Our last final was on a Thursday, we had a long weekend, and then I got to it on the next Monday. For the first four weeks, my goal was to get through everything once. My day started typically around 6 am. I’d exercise while listening to Goljan audio, shower, eat breakfast, and get started with UWorld questions around 8 am. This would take the bulk of the day. I’d do two blocks of 46 questions (until they changed the max to 44 to match the new change in Step 1) on random timed. One note about that: some people like doing questions by subject or in tutor mode. It doesn’t matter. Pick what you like and what you think will serve you best. I liked random timed because 1) that’s how the test is and 2) by this point you should have at least seen everything in the first two years, so it’s not like you’ll being seeing stuff that you’ve never seen before (for the most part). Also, it let me see things several times over throughout the study period – that repetition is important for me.

I’d do the two blocks, which would usually take about an hour and half or so. The next 4-5 hours would be spent reviewing all of the questions, reading all of the explanations (read at least the educational objective for each question, even the ones you got right. For most questions, I’d also read at least the expanded explanation. If you’re feeling frisky, read the explanations for each of the answer choices). For questions I missed or concepts I wanted to see again, I’d keep a running list for each test in OneNote where I would put explanations, pictures, graphs, etc. This was probably one of the more important things I did. I’ll talk a little more about it later. I kept First Aid nearby while reviewing, and made myself physically turn to the page that dealt with whatever question I was on, regardless of whether I got it right or wrong (if you have an electronic copy, word searching for the page you need makes this a lot faster). Repetition is the mother of learning.

After I finally finished UWorld stuff for the day (usually between 1:30-3 pm), I would read First Aid. It was usually about 30 pages a day, and I took my time getting through it. First Aid is not a thorough text. It’s more of an outline. If you didn’t lay a decent foundation during the first two years, it will seem like gibberish. If you did, though, you’ll be able to read through it and be reminded of things you learned before. This is when I also watched Pathoma videos.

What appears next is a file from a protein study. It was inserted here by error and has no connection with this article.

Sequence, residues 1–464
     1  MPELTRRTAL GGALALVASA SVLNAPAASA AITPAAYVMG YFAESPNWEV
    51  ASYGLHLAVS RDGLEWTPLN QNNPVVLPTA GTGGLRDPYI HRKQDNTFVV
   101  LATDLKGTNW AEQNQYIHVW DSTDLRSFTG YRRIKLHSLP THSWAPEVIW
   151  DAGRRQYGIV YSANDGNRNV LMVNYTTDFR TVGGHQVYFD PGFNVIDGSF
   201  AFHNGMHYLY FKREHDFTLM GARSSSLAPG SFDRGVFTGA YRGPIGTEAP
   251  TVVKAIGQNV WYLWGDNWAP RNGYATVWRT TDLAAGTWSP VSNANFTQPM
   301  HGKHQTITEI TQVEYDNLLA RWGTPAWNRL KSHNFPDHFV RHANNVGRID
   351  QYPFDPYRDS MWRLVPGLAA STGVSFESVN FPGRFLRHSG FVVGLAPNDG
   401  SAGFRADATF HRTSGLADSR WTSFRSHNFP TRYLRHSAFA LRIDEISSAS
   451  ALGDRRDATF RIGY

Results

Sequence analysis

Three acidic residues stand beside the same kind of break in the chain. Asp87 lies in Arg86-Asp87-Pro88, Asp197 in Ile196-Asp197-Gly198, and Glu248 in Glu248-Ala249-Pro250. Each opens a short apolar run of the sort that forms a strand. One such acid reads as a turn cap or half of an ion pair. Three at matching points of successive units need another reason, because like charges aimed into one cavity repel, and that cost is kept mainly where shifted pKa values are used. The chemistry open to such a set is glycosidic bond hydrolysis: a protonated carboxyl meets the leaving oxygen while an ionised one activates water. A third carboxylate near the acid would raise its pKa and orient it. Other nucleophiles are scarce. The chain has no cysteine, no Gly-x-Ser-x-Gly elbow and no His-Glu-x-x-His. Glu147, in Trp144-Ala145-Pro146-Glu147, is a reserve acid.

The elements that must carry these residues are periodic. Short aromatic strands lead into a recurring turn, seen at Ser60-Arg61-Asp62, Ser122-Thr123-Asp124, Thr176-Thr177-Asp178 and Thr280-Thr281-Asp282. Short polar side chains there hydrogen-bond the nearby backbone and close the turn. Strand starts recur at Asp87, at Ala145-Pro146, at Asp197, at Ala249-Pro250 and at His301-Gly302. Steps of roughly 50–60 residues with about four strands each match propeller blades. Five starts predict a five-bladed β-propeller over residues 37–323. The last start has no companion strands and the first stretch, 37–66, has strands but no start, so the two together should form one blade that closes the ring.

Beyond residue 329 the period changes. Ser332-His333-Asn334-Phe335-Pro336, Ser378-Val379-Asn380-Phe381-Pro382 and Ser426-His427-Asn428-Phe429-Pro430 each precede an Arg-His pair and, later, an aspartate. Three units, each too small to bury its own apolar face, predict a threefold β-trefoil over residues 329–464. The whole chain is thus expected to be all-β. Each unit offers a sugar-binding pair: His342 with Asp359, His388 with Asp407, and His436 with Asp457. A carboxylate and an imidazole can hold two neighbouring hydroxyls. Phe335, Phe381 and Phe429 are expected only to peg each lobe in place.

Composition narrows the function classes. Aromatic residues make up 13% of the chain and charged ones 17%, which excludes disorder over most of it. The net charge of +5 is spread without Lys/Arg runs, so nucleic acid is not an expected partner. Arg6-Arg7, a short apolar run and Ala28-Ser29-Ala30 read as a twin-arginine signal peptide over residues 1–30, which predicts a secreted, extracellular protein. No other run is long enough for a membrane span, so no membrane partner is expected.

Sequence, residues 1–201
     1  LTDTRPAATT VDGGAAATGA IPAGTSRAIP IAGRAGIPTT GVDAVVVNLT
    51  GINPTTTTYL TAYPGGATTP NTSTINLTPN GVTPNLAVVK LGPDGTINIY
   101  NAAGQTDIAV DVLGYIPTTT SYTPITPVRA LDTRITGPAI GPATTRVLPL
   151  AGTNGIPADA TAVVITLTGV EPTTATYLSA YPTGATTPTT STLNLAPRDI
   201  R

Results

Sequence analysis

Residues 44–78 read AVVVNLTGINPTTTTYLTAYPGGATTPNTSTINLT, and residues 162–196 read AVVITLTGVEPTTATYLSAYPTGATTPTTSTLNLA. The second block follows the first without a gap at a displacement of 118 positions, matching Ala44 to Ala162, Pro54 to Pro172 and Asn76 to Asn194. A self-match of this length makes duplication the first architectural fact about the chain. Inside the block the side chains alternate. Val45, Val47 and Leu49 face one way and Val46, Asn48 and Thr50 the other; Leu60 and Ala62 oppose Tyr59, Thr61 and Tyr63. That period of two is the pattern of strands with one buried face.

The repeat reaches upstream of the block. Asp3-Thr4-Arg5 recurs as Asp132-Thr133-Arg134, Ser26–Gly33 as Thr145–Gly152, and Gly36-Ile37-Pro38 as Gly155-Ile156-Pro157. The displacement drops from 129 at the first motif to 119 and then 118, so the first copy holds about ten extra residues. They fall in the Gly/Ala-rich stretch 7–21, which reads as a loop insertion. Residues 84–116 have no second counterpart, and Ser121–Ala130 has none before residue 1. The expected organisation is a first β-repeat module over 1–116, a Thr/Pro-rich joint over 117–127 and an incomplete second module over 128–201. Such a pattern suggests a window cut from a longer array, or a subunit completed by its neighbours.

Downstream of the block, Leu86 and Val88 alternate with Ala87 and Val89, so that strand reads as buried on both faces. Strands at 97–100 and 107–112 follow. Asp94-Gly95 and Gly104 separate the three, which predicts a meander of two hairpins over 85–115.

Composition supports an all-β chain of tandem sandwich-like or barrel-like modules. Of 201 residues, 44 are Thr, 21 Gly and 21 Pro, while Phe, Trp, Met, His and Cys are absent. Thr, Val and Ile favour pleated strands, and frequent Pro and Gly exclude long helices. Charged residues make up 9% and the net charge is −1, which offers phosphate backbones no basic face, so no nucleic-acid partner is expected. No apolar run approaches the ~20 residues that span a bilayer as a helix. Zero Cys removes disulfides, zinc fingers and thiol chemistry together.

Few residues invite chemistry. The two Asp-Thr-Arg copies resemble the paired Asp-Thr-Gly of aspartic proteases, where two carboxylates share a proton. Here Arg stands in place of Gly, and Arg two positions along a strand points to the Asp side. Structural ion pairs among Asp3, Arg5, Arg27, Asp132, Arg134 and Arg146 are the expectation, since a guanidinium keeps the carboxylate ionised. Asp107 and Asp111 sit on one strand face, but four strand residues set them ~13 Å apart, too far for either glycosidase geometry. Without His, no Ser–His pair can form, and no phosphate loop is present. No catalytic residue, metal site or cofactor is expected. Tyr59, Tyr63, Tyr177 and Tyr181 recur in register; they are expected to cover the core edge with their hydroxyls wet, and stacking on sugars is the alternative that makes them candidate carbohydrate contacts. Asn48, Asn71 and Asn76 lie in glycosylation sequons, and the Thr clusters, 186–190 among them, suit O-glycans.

Around 6 pm, I’d call it quits for a couple of hours and hang out with my wife and son, eat dinner, put my son down, etc. Some nights I’d take a bit more time off, but most every night I had some stuff to finish up. I usually watched at least a half hour of Sketchy Medical videos (probably the easiest, most efficient learning you will do) and attempted to get through some Lange pharm cards (I ended up abandoning this halfway through the deck).

To take a quick rabbit trail: for those that have significant others, the dedicated study period can be a difficult time. There’s really no way around it. You have a very finite amount of time to prepare for what is probably the most important test you will take, and endless amounts of information to memorize. This is probably the most time you will ever spend studying in your life. Still, though, it’s important to pay attention to those around you and their needs. Communication, as always, is key. Way ahead of the start time of your dedicated period, be sure that you are talking with your significant other about what’s coming up and what it might look like. Err on the side of overestimating the time Step 1 will require from you here, at least to some degree, so that if you end up having more time, it will be a pleasant surprise for both of you since you were both prepared for the worst. Make sure that you take at least a couple hours each day to spend with your significant other, and at least one day off each week. And it’s OK to count down the days. It’s always important that you and your SO aren’t resentful for any reason towards each other, and that’s especially true during this time. Talk with each other, and understand that even though you are exhausted at the end of each day, this is difficult for them too and the world doesn’t revolve around you. This period will end, Step 1 will be over someday soon, and normality will resume.

Back to an outline of a typical day. The last thing I would usually do each day is review my running list of wrong questions, both for that day and all of the previous tests that week. Once a week, I would go back to the previous week and review all of those (so on week 3 I would review all of the missed stuff from week 2). This was probably the most helpful thing that I did in terms of making my weak areas my strengths. I usually finished my day by 11 pm or so.